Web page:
There are many traits that make up a good therapist;

sophisticated, builds trust, acceptable, influential, optimistic, reflective, and hopeful.

By having a therapist with these traits, the use of psychotherapy as treatment is better than medication because it is more cost effective and leads to less relapse. In a study performed by Boadie W. Dunlop, M.D., people with depression were more likely to refuse medication than to refuse psychotherapy, and those who were treated with medication were more likely to drop out of treatment earlier than those who were being treated with psychotherapy.

There are a lot of people who do believe that medication is a better alternative to treating major depressive disorder. Kathryn McHugh did an investigation of the McLean hospital where she discovered the majority of patients preferred medicinal treatment over psychological treatment.  It has been proven that medication will help relieve depression, but it is difficult to prove that psychotherapy can do the same thing. Although psychotherapy has been deemed evidence-based, people find it hard to believe that this is true and trusting the studies that prove this, which is why many people still prefer medication over psychotherapy.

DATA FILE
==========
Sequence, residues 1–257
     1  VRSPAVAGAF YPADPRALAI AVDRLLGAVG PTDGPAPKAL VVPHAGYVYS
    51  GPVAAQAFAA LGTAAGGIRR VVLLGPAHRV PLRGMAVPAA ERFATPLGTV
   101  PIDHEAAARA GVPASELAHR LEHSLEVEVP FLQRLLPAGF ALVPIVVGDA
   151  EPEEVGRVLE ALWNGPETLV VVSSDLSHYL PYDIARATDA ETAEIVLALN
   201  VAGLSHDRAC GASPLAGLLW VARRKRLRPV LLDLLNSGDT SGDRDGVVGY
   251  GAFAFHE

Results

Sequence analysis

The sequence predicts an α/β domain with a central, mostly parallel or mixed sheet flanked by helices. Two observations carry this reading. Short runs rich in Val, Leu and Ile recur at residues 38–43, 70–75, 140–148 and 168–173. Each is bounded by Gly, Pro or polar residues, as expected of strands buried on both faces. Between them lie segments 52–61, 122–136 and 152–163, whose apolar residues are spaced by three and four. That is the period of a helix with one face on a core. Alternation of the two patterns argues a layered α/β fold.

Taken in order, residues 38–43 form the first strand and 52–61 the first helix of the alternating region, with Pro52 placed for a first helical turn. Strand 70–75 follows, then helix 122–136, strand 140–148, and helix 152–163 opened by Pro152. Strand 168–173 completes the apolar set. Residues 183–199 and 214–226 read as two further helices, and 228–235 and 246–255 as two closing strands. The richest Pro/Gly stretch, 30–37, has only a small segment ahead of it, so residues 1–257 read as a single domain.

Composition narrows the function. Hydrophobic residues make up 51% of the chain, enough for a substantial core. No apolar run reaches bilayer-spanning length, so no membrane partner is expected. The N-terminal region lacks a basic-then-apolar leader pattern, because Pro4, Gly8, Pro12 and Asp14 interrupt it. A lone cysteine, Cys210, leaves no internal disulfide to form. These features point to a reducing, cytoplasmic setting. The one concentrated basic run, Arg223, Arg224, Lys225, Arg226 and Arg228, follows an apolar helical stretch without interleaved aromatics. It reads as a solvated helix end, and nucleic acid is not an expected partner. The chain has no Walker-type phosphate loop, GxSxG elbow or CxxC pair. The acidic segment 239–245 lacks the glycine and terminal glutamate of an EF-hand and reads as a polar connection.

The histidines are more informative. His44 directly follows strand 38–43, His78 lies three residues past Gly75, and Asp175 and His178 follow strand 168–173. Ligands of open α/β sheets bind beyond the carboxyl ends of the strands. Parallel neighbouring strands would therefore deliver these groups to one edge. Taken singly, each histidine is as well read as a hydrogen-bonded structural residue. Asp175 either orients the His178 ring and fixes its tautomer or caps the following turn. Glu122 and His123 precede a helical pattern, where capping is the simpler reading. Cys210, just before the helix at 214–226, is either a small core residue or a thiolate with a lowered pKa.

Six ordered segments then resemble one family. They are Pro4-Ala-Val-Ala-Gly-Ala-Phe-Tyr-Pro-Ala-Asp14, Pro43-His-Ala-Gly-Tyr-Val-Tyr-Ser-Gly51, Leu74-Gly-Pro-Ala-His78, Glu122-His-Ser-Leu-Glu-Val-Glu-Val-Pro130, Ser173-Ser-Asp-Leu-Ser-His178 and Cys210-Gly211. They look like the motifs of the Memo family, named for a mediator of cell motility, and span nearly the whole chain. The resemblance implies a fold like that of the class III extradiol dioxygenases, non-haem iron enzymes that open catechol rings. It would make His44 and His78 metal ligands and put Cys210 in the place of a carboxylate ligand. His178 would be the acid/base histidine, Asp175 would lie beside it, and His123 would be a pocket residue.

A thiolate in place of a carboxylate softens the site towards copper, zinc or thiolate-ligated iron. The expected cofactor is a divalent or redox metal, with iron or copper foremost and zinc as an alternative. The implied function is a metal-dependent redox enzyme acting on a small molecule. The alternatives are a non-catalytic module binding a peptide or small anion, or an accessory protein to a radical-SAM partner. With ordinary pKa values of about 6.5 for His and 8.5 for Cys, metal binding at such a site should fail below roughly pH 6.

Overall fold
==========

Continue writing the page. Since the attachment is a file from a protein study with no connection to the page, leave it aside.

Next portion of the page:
It was very difficult to find articles about why medication is more effective than psychotherapy when used for mental illnesses and I think this is because many people are now looking for the healthiest and most effective way to get help. I think that many people are afraid of medication and are aware of all the harm it can do. Psychotherapy is a healthier and safer way to get help for mental illnesses because it doesn’t come with side effects or a list of dangers, it’s a client telling the therapist how they feel and being able to confide in someone they trust and getting support and coping strategies that are healthy and helpful specifically for them that can be changed according to the specific client at any time.

Psychotherapy

Psychotherapy is effective

Psychotherapy vs. depression

Medication vs. Psychotherapy

Medication


Spotlight Blog 3